3. Meeting up with old friends is intoxicating. It is surprising how the years in between vanish when you meet an old friend. There is something to be said about the comfort of being with an old friend, we all have so much change going on in our lives that it is almost essential for us to keep ourselves rooted to these people as they help us deal with the everyday change in our life. Also, people dnt change, they just become wiser J
  4. And finally, children are the best teachers. They say kids are mirrors of us, I would change that and say kids are mirrors that lead us to our soul. My 4 year old nephew taught me that. His response is not decorated by years of conditioning where we have been taught to behave in a certain way for a certain situation. His joy, curiosity, love and anger are all genuine. The quickest way that kids learn is by imitation, so if you see them doing something that you dnt like, look at yourself for you may be doing the same.

Flight or Fight

I recently started reading a book called “Loneliness”. I highly recommend the book to everyone who is interested in understanding human behavior. When I mentioned the title to people, they get concerned about the title. Take my word for it, this book is an excellent scientific and social memoir of human evolution.
Now to the story of why I started reading this book. Moving to Seattle was a personal challenge of mine to see if I can survive and thrive in completely new place. Minneapolis is a place very close to my heart for all the people that I met there, my friends, mentors, colleagues and bosses. There was a certain quality to all of them which was greatly endearing and loving. Life could not be more comfortable than that. I got to a point where I wanted to test myself in new circumstances and see if I can survive. Survive, I did but somewhere down the line something felt missing – the personal connection. I missed my friends and my mentors. That is where my research started, why is that we feel upset when the personal connection is missing?
My research led me to how evolution has trained our systems. It not just answered my question on personal connection but it also answered questions that I had about fear and anxiety in general. At the core of it all is our survival instinct. The survival instinct is a very sophisticated mechanism which has matured over 1000s of years of human evolution. Our systems are trained to ensure the success of best genomes for the human race. Rejection, failure, desertion were not circumstances that ensured survival of the human in our hunter gather societies. As a result our body developed hormonal reactions that send signals to our brain any time any of these situations arose. That is why a heart break really hurts because the minute your brain sense a rejection, it assumes that there is a threat to your survival. The brain then shuts down all the peripheral functions, quickens the heart rate to help you with “Flight or Fight” to save yourself. The slight glitch is that evolution has not really caught up with the modern day society. Heart breaks, fight with a boss, loss of friends are not situations that really threaten your survival and as result your body does not really need to kick off its fight and flight syndrome anytime these situations happen.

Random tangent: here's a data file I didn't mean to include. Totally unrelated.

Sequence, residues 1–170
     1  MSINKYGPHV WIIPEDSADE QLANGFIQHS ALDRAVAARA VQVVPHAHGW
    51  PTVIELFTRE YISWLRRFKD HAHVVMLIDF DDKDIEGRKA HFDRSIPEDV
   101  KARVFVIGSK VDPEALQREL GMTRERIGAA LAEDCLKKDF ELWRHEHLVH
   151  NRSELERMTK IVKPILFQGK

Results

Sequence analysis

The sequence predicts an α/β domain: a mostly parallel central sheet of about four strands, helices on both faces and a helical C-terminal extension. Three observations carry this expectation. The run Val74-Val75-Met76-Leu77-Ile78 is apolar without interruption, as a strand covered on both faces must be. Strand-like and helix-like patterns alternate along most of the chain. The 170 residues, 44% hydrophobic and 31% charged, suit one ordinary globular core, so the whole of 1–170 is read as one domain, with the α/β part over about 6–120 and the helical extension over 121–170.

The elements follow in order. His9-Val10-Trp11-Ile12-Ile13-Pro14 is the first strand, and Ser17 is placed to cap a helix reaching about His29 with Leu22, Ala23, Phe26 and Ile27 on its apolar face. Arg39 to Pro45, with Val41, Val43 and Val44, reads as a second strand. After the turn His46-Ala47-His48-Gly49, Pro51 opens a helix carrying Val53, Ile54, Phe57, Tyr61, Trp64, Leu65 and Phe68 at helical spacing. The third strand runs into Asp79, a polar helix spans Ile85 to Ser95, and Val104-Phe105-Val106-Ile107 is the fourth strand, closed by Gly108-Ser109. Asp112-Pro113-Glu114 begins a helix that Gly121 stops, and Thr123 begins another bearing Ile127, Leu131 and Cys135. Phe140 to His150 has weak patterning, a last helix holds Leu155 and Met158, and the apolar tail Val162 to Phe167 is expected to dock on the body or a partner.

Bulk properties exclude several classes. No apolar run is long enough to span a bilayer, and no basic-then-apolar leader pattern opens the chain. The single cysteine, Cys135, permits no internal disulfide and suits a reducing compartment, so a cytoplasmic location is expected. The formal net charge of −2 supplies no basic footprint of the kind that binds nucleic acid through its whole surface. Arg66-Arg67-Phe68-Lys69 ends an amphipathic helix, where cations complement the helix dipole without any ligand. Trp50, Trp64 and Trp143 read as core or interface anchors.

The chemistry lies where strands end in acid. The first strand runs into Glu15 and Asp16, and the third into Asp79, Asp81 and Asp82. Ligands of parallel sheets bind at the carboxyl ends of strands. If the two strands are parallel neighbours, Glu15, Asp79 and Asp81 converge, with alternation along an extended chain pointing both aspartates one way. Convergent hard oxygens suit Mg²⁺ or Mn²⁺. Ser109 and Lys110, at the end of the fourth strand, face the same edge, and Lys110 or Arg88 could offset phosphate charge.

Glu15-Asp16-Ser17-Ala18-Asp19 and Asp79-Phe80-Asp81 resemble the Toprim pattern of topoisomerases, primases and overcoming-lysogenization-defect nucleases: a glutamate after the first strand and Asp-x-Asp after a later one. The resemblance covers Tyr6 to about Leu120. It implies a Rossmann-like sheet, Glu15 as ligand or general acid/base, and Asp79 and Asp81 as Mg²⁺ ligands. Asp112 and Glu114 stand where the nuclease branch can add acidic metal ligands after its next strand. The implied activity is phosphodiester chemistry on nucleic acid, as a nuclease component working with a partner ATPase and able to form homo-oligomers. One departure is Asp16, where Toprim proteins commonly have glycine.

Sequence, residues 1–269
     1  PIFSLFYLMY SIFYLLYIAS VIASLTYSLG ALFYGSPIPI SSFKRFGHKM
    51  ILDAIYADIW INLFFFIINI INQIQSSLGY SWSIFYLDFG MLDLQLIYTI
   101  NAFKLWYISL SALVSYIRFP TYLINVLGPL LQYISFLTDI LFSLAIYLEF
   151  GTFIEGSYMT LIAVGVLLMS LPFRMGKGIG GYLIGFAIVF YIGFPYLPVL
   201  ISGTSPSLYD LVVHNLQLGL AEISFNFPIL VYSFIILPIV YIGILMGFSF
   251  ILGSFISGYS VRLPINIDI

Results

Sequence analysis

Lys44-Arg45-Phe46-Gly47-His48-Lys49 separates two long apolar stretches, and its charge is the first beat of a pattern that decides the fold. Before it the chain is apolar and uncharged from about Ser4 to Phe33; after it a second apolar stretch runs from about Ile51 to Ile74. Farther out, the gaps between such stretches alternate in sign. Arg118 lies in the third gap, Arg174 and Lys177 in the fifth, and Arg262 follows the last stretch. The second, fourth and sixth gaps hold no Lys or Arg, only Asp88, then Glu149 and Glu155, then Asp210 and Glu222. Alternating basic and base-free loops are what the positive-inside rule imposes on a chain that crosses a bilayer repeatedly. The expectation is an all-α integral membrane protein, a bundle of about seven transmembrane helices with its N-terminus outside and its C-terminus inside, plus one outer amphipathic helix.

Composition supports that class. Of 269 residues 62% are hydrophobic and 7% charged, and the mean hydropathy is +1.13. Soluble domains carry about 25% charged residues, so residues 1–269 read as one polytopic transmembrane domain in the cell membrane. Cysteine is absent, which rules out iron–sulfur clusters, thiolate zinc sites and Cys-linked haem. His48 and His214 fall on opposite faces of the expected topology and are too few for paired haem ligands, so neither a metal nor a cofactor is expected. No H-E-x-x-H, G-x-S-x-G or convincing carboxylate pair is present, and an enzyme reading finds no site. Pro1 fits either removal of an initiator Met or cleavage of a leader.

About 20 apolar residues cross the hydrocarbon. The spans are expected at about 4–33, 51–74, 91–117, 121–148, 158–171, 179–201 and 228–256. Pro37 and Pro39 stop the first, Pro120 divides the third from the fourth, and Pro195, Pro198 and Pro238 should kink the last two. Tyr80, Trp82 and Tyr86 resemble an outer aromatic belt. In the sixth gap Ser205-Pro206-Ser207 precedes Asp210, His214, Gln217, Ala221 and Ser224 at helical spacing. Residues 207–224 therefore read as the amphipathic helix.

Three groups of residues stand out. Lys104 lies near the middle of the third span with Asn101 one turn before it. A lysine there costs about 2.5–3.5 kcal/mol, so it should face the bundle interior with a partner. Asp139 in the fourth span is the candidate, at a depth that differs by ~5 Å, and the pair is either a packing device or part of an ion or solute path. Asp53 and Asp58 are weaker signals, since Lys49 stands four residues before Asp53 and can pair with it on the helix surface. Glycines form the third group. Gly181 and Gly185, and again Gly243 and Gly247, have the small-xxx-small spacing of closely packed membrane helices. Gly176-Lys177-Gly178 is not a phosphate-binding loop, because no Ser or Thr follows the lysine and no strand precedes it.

So what is the problem with triggering the “fight and flight” syndrome every single time. The problem is wear and tear. Another name that we give this syndrome these days is “Stress”. Every time your body undergoes stress there are physical changes that occur and they cause wear and tear in the body. In order to recover your body needs time to rest. Similar to how when you are trying to build muscles, you need a rest day for them to rebuild. In the modern day there is really no time to rest and recover. A good night’s sleep is also at premium for some people these days.